I did that 18 years ago and the stalls are still pipe panels because my barn is only 24 X 40 and they let the air circulate a lot better than solid stalls.

An advantage of pipe panels stalls is you can change things (well hubby can:) if you’re not happy with the set up::

3.1. The solid stall walls have hardwood slabs attached to them that are four feet high.

3.2. We put 3/4” marine plywood on the bottoms of the pipe panels and their doors to keep legs from going thru.

  1. We had a professional run electric under ground from the house to the barn. DH then did all the wiring inside the barn.

Buy a big breaker box, even if your barn is small:)

I swear I posted fotos on here after the update but I can’t see the icon for posting them anymore or I would post one of the stalls to give you an idea.


Thank you guys! You’ve given me a lot to think about :). This all started earlier today with me looking into building/buying 2 of these and slowly morphed into much more. The reviews on these tops are a mixed bag:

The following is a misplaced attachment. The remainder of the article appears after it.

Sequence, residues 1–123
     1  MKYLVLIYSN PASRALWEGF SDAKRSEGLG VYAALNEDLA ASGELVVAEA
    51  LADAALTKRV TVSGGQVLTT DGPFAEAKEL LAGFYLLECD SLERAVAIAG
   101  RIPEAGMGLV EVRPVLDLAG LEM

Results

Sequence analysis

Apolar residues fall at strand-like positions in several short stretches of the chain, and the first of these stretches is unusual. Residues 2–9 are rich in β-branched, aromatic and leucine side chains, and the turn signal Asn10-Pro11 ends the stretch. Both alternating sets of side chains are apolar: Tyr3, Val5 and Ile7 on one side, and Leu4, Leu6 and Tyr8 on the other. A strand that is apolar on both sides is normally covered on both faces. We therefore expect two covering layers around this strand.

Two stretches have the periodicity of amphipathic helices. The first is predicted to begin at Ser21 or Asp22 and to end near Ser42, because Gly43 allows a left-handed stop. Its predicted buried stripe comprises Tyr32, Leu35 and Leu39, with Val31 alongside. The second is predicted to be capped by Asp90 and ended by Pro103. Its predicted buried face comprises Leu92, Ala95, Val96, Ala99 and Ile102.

I haven’t bought one… have considered it at times. However, I think it was here on COTH I read the advice (that I will attempt to badly requote):

“If you read 100 reviews, 99 are positive and 1 person says their tarp structure became a kite, you can expect yours to become a kite in the first wind storm.”

With that said, one of my friends from a past life, who I only keep up with through social media these days, has that exact structure. I’ve only seen it in pictures and have never asked her about it, but I can say it’s been standing awhile. It’s her only shelter.

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Thank you all for your input and suggestions :). DH and I have been looking at all our options for several days now, and we’ve decided to make use of the existing 20x20 garage/workshop area. The solid black lines in this mockup are the solid block walls. Dotted lines are the proposed stall walls. Red lines are existing windows:


  • Concrete block/concrete floor
  • Interior roofline that slopes from approx. 30’ tall in the rear to 10’ tall in the front
  • Electricity in it already, with a large overhead light/none of the outlets would be inside the stalls
  • Four awning-style 4’W x 3’H windows (2 on each side) that provide great airflow.

We removed the old 1970’s fiberglass garage door last year (it was so deteriorated that it needed a haircut!) so there’s a 16’ opening facing south. I’d have to have half of this covered by a side stall wall.

We’re looking at the galvanized stall kits here: